Lactuca: An Exploration of Lettuce

Tuesday, May 1, 2018 to Thursday, May 31, 2018
Physiology House, Lyman Conservatory

This exhibit aims to explore the humble beginnings of what is now a ubiquitous salad green. Although once weedy and quite bitter, the lettuce of today grows worldwide and in many different forms, including romaine, butterhead, stem, and curled. The Lactuceae tribe includes more than 1,550 species, and efforts to identify where cultivated lettuce originated continues today. Once prized for oil production and as an aphrodisiac by the Egyptians, the purposes and attitudes towards lettuce have changed greatly throughout history. Ultimately, the story of lettuce depicts the multifaceted interactions between people and food.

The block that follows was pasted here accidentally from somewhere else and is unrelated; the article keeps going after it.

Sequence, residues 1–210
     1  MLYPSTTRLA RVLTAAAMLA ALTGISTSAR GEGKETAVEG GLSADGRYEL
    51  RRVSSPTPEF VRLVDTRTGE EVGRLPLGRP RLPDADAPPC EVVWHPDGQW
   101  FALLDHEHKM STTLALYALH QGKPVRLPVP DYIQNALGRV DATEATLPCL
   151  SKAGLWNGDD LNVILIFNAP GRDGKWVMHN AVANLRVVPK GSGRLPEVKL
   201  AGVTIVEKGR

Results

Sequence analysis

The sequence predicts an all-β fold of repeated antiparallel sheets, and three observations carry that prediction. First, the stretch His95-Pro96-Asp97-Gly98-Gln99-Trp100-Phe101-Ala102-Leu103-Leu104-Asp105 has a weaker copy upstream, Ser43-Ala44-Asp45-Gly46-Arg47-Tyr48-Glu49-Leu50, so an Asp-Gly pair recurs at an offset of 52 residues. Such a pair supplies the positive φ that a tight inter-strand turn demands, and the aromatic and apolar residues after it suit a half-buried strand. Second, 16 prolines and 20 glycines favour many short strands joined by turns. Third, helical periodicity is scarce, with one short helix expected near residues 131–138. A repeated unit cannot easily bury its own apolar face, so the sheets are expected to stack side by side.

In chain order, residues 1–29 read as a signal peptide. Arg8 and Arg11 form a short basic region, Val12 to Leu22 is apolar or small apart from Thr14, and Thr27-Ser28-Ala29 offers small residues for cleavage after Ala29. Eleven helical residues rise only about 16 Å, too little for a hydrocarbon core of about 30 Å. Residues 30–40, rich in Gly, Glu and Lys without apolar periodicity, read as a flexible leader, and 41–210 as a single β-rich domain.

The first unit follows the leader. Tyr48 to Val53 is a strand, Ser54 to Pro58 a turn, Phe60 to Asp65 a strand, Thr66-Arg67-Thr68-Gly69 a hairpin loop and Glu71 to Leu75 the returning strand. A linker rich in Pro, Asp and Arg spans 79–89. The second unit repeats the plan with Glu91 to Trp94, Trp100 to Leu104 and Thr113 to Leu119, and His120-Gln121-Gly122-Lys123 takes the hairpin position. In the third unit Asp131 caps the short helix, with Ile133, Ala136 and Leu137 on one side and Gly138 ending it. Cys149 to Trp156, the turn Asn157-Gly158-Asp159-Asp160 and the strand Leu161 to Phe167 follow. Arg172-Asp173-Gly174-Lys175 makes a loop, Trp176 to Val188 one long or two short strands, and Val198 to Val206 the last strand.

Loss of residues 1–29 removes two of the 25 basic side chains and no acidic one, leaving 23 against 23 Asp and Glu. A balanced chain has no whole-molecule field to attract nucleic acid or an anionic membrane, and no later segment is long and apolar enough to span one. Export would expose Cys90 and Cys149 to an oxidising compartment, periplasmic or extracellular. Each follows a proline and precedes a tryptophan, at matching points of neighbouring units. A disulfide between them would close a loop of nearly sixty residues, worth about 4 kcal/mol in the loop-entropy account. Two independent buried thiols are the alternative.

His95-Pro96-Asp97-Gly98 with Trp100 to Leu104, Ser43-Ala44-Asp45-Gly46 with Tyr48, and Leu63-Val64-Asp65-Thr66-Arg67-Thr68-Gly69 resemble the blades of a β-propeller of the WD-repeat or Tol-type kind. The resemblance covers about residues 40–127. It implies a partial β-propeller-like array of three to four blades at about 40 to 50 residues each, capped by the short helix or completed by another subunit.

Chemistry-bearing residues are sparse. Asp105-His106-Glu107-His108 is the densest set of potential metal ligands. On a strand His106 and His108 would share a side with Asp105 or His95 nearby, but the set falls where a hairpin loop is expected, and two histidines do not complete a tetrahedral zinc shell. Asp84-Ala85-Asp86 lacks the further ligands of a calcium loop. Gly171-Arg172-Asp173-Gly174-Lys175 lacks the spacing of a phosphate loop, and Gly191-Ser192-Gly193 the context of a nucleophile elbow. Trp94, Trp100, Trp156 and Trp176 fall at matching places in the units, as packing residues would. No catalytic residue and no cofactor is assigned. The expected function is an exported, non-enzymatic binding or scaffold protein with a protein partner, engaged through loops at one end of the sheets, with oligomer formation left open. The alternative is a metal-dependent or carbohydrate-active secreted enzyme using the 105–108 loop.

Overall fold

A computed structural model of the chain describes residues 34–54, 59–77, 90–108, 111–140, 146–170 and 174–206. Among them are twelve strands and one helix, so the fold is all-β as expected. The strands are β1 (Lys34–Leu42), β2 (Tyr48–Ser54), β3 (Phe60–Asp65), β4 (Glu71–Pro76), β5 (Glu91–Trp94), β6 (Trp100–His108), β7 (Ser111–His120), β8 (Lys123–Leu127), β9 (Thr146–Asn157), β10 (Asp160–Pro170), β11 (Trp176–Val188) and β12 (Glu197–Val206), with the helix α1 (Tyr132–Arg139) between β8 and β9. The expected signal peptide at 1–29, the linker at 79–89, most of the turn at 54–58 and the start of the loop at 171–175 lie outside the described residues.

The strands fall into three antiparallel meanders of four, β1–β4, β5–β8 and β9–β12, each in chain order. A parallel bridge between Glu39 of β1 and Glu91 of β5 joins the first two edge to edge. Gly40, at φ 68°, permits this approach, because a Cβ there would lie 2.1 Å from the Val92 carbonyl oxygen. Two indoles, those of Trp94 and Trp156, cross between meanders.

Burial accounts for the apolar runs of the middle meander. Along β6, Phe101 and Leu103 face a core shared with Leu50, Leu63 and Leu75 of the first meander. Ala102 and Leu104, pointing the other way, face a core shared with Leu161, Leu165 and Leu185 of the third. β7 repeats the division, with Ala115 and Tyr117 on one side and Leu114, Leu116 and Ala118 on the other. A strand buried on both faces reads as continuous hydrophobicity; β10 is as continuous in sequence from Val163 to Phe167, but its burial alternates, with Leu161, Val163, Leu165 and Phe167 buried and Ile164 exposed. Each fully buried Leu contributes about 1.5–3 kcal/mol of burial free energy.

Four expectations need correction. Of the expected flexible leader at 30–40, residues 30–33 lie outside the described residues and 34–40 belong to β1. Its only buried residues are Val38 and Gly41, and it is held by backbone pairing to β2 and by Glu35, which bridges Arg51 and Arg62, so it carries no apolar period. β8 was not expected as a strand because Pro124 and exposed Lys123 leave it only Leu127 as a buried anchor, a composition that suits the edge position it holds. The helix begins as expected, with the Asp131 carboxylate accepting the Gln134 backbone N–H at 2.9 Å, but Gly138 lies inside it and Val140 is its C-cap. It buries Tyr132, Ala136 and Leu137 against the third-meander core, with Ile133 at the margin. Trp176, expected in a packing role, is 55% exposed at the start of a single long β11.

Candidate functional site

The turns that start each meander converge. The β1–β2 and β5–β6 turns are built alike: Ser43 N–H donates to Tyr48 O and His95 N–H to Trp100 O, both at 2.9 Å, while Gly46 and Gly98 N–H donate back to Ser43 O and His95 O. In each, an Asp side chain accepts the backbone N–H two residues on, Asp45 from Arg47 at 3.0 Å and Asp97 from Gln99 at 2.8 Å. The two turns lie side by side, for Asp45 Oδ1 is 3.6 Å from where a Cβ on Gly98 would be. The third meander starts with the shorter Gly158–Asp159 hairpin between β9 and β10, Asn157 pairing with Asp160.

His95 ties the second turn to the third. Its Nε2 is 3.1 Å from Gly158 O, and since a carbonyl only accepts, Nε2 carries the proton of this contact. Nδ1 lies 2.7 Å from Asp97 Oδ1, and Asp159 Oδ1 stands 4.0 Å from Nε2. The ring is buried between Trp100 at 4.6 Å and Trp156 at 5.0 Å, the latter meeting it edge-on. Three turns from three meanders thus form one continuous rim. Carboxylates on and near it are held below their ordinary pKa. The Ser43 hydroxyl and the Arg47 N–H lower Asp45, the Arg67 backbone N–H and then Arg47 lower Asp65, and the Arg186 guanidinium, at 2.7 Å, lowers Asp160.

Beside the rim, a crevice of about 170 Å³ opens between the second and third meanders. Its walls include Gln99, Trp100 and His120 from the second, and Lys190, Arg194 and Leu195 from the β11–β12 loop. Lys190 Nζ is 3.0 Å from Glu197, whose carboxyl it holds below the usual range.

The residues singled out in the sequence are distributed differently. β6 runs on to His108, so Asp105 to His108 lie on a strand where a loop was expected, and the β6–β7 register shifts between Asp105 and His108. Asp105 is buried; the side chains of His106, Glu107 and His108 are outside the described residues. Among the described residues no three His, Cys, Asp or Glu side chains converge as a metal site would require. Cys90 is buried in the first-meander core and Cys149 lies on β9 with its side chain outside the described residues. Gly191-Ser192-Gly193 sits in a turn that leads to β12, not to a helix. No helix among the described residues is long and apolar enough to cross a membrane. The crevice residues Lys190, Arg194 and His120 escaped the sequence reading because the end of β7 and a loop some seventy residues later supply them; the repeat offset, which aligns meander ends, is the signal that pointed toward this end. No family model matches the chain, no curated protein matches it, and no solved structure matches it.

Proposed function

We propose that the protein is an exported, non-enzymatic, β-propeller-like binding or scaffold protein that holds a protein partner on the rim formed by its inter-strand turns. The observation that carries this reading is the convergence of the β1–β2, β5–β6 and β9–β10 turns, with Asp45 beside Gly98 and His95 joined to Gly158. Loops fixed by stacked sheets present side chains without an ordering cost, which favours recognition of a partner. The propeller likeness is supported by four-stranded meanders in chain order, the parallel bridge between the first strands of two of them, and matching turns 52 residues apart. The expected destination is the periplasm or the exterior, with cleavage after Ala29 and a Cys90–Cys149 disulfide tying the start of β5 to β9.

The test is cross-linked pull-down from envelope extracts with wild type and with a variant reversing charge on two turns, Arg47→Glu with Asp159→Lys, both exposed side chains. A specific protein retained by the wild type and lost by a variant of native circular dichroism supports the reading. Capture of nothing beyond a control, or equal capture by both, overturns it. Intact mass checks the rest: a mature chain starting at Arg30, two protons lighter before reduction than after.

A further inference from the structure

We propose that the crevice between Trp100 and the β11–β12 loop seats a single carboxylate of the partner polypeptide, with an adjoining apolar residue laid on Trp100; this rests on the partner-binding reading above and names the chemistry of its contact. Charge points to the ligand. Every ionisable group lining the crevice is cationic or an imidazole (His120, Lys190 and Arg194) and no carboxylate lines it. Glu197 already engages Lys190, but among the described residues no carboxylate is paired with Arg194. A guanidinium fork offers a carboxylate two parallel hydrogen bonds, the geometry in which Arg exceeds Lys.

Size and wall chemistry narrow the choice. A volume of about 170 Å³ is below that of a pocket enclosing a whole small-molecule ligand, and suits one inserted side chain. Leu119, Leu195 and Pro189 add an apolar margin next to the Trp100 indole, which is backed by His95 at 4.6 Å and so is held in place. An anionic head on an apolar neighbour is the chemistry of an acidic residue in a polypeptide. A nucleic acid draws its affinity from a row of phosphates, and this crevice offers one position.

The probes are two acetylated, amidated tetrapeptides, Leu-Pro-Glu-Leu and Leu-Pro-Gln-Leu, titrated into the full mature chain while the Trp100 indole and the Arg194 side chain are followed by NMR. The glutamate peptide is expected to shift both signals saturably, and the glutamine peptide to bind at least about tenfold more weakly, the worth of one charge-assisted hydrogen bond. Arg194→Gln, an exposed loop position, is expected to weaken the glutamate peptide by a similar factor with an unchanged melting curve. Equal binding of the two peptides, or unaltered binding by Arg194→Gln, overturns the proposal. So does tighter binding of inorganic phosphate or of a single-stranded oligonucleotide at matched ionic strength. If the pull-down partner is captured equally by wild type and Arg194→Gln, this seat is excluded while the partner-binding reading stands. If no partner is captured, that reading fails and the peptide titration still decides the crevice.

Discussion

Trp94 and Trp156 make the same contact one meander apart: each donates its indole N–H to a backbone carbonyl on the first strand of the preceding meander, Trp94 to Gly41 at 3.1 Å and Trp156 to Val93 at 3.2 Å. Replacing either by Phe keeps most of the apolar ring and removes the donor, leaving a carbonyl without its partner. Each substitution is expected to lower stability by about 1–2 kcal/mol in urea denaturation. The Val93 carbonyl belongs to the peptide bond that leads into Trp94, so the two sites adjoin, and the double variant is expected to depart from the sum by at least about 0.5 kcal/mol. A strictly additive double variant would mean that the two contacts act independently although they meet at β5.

This exhibit is curated by June Ahn ’18. June is a senior majoring in biology and minoring in landscape studies, with a focus in plants. She has worked at the Smith Botanic Garden since her sophomore year as an outdoor garden assistant, curatorial intern, and GIS liaison. June has also interned at the Kew Royal Botanic Garden in London, working with plant phylogeny, as well as the Greenberg Lab at the University of Chicago, studying plant pathogen interactions. After Smith, she will be pursuing a masters in Museum and Exhibition Studies at the University of Illinois Chicago. She hopes to continue working closely with botanic gardens and developing exhibits about plants.


lettuce growing in rows in a field